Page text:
Two days before appearing in front of a panel of federal appeals judges over the state’s halted voter identification law, Wisconsin officials on Wednesday announced a new process for giving free photo IDs to people who don’t have birth certificates. The system was set up in response to a Wisconsin Supreme Court ruling in July that said the state could not require people to produce documents that require government fees for the purpose of voting. The new plan for issuing IDs is to debut Monday, but under it those who do not have birth certificates or other key documents will not receive IDs right away. That could mean people who try to get IDs just before an election wouldn’t get them quickly enough to allow them to vote — a provision that could open a new line of litigation. Gov. Scott Walker and his fellow Republicans in the Legislature in 2011 approved the law requiring people to show photo ID to vote. Four lawsuits immediately followed, two in state court and two in federal court. The law was in effect for a February 2012 primary, but was then blocked by a series of court orders. The state Supreme Court in July upheld the voter ID law in the two state cases, one decided 5-2 and one 4-3.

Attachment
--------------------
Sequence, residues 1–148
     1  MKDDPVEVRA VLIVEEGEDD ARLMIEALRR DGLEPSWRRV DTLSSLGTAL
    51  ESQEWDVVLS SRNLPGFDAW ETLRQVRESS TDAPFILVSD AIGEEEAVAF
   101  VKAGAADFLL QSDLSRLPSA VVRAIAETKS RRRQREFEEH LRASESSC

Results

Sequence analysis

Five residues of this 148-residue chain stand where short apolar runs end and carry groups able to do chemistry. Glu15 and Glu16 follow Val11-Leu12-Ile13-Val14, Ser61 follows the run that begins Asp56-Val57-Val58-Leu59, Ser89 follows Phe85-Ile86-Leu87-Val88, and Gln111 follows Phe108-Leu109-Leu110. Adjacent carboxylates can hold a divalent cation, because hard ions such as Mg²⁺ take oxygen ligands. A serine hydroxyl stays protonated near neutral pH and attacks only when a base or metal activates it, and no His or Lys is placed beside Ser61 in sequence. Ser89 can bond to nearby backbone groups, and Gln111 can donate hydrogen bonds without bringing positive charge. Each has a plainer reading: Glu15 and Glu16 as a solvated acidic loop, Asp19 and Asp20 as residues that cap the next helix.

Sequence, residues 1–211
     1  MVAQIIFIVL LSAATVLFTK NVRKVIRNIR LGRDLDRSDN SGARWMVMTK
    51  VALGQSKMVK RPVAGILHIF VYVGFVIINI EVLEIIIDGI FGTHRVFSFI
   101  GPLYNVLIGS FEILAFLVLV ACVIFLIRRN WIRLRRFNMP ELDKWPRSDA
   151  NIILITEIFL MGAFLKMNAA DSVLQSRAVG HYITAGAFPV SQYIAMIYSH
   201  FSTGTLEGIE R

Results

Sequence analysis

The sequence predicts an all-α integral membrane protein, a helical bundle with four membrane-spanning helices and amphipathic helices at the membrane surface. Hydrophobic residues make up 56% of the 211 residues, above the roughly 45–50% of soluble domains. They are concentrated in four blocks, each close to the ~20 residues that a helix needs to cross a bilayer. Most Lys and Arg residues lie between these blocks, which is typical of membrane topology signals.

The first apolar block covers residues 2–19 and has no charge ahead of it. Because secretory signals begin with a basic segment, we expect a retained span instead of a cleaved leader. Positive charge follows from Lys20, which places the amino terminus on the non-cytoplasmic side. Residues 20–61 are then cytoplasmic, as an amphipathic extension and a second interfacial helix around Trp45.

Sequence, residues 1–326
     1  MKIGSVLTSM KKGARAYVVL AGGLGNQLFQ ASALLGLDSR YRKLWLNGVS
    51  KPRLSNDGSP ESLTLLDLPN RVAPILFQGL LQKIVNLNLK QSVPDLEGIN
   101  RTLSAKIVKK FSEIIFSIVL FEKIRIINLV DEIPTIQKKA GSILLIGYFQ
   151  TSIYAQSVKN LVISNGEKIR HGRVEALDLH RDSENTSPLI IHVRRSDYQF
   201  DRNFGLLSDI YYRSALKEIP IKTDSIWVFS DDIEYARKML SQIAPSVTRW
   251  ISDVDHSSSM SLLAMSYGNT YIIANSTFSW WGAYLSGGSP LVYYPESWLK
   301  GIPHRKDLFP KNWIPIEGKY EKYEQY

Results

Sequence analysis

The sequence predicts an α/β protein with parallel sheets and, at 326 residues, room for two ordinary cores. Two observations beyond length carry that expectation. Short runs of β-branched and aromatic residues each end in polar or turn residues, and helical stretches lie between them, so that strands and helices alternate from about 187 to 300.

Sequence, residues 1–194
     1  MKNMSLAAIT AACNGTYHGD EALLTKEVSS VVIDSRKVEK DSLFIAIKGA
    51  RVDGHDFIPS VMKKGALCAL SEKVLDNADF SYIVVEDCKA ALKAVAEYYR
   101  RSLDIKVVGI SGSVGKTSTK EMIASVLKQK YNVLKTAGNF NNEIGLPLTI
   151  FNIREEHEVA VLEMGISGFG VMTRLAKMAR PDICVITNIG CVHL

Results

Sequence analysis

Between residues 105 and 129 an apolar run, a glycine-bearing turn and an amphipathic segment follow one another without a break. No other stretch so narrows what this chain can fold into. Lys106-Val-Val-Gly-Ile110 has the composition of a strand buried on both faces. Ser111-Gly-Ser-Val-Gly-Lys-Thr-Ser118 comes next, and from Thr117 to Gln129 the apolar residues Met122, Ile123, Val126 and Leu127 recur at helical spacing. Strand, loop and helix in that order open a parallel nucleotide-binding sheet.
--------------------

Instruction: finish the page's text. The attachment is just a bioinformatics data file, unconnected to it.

The decisions did not allow the voter ID law to go into effect because U.S. District Judge Lynn Adelman ruled in the other two cases in April that the voter ID law violated the U.S. Constitution and Voting Rights Act.
Walker and Attorney General J.B. Van Hollen have appealed those decisions and arguments will be heard Friday before the 7th Circuit Court of Appeals in Chicago. The state officials have asked the court to put the voter ID law in place for the Nov. 4 election, when Walker faces Democrat Mary Burke.
The Wisconsin Supreme Court made a key change to how IDs would be issued if the federal court reinstates the voter ID law. People have been able to get voter IDs for free, but have had to show birth certificates or other documents to get them. The Wisconsin Supreme Court said people can’t be forced to produce documents that require government fees to vote and rewrote a state rule to allow an exception to that requirement.
Full Article: State plans to issue free photo IDs to some voters.